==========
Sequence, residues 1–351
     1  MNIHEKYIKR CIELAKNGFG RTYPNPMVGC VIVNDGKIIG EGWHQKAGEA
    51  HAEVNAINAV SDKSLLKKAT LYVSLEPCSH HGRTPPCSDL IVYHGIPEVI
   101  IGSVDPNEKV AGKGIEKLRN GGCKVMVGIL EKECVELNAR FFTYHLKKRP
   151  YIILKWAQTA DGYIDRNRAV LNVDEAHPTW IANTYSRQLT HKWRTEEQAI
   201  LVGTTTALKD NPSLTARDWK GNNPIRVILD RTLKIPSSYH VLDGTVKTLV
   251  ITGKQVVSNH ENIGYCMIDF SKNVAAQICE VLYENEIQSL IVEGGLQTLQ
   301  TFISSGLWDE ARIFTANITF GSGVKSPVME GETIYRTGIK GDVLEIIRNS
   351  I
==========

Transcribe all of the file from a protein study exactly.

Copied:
Sequence, residues 1–351
     1  MNIHEKYIKR CIELAKNGFG RTYPNPMVGC VIVNDGKIIG EGWHQKAGEA
    51  HAEVNAINAV SDKSLLKKAT LYVSLEPCSH HGRTPPCSDL IVYHGIPEVI
   101  IGSVDPNEKV AGKGIEKLRN GGCKVMVGIL EKECVELNAR FFTYHLKKRP
   151  YIILKWAQTA DGYIDRNRAV LNVDEAHPTW IANTYSRQLT HKWRTEEQAI
   201  LVGTTTALKD NPSLTARDWK GNNPIRVILD RTLKIPSSYH VLDGTVKTLV
   251  ITGKQVVSNH ENIGYCMIDF SKNVAAQICE VLYENEIQSL IVEGGLQTLQ
   301  TFISSGLWDE ARIFTANITF GSGVKSPVME GETIYRTGIK GDVLEIIRNS
   351  I